It’s Time to Revisit Your Trust

Recent changes in federal estate tax exemptions have made it easier for most couples to pass on their joint assets for estate planning purposes, without the complexity of having individual trusts. Since couples usually accumulate assets jointly, meaning each party as the right to use and benefit from the jointly held assets, they can now pass on those assets with the help of a Joint Trust. 

A Joint Trust provides for the holding of assets by both spouses and then passing on the assets upon the death of both spouses. Likewise, any couple in a committed relationship who wants their financial affairs to be administered jointly can create a Joint Trust.


The Joint Trust retains the benefits of having an individual trust: no lengthy probate proceedings, a single trust tax return, and no conservator or guardian if one spouse becomes incapacitated or unable to handle his or her affairs. The Joint Trust gives a surviving spouse flexibility over how to use the assets during their lifetime, and allows them to make changes as circumstances warrant to disperse the Trust assets.


Prior to the change in federal estate tax exemptions, an “A/B” (also known as a “Marital/Family”) Trust was typically used to transfer the assets upon death of one spouse to the surviving spouse. However, it required that the couple to split joint assets during their lifetime and use those separate assets to fund their individual trusts. The purpose of this system was to take advantage of estate tax exemptions to minimize or avoid estate taxes on one or both of the spouse’s estates.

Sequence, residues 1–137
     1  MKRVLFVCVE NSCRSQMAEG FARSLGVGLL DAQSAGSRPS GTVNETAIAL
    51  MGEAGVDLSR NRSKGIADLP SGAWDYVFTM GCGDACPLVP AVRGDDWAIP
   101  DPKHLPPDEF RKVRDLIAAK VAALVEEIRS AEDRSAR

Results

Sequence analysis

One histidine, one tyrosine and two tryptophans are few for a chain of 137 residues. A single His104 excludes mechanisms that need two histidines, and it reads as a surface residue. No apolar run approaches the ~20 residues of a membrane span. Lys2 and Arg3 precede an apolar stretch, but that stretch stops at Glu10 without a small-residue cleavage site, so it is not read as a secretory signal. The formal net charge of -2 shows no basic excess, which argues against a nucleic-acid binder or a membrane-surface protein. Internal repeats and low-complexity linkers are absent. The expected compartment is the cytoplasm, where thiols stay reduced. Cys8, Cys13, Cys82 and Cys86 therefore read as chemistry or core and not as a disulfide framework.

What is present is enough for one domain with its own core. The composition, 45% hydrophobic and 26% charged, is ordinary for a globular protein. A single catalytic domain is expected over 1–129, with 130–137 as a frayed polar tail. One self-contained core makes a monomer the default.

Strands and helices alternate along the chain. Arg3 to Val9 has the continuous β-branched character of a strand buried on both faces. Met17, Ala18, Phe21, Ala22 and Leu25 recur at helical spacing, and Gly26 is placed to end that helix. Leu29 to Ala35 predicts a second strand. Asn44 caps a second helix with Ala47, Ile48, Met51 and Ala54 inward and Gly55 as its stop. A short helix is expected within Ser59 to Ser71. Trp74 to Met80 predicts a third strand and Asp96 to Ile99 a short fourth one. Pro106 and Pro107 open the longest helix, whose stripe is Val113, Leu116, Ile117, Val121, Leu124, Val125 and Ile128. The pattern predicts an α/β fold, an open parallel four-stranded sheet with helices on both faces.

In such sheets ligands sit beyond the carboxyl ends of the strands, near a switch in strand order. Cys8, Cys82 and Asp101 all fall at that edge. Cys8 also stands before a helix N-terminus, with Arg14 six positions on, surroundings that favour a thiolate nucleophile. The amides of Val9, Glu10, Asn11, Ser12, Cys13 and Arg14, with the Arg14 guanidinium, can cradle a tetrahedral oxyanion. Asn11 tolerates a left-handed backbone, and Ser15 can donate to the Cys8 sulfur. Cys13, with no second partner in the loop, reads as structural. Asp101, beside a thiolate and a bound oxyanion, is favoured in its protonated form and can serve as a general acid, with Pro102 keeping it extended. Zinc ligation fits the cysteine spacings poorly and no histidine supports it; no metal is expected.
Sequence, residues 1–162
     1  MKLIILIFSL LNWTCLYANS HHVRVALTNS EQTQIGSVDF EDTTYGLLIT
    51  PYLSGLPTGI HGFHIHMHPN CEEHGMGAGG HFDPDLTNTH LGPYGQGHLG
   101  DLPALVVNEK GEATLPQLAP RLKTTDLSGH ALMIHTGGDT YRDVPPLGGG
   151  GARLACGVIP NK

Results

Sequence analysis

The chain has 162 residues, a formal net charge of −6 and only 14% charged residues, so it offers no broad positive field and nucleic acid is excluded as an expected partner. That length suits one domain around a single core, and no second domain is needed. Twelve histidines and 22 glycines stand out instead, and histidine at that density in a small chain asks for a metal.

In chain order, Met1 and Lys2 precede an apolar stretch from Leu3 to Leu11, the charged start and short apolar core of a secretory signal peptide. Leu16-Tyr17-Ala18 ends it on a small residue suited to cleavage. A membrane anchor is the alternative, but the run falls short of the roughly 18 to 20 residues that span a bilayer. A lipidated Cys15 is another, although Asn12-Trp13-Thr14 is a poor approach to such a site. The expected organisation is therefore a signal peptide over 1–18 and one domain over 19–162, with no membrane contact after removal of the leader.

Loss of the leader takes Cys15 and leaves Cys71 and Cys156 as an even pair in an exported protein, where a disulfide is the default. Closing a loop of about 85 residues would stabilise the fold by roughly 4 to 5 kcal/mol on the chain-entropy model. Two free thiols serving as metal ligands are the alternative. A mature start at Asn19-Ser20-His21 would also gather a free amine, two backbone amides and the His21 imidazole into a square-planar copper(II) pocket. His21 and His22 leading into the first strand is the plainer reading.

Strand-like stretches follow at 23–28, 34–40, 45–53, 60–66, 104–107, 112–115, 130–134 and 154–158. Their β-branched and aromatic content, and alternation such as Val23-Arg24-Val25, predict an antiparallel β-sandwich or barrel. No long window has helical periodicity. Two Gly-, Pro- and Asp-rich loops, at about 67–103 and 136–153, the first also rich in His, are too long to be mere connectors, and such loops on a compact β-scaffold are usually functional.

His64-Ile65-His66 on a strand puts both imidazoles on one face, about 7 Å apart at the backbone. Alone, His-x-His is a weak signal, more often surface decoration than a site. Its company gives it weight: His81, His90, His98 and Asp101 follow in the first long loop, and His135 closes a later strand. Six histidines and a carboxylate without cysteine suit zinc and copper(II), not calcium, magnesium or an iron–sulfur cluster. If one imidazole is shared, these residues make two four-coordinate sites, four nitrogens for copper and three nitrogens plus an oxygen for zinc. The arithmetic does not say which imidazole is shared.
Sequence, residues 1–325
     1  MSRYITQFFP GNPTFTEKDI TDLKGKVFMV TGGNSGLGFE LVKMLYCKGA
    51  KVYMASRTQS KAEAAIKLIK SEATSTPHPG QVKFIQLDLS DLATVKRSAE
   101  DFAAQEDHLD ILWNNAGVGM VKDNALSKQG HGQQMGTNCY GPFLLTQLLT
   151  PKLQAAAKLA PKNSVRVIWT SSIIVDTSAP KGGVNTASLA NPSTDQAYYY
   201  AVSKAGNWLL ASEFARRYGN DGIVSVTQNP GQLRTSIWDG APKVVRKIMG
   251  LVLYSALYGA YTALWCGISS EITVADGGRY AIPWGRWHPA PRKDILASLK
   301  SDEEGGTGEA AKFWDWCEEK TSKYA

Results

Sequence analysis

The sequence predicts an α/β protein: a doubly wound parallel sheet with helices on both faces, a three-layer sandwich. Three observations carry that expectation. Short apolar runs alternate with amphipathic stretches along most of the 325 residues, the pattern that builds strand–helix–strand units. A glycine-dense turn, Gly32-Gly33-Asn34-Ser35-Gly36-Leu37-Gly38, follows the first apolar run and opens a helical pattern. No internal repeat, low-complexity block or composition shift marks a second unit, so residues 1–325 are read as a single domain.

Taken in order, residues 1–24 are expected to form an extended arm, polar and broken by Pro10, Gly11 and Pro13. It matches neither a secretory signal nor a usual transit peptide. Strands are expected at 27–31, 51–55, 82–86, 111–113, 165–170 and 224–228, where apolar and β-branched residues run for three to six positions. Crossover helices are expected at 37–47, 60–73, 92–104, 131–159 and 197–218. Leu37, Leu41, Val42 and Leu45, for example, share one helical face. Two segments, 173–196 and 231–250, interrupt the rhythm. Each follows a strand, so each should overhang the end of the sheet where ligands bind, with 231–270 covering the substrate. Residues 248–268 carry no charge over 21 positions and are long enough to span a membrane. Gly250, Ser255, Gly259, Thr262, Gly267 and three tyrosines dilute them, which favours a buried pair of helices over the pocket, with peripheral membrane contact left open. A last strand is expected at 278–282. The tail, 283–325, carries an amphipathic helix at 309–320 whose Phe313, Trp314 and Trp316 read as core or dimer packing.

However, with the current federal estate tax exemption of $5,340,000 per person, indexed for inflation, this complicated planning is no longer necessary since many couples do not have a combined estate valued at $10,680,000.00, the amount at which more complicated estate tax planning is warranted.


The Joint Trust is a simple estate planning tool that allows a couple to retain the right of joint ownership and control over their property. There are circumstances where additional thought must go into the drafting of a Joint Trust, however, such as in Medicaid planning, the transfer of a family cottage, providing for a special needs child, the need to amend or revoke the Trust when circumstances change, or to add or remove assets from the Trust.

These situations are fact-specific and require the guidance of an experience estate planning attorney to meet your goals of providing for your own care while also leaving a legacy for your children or other people and interests that you value.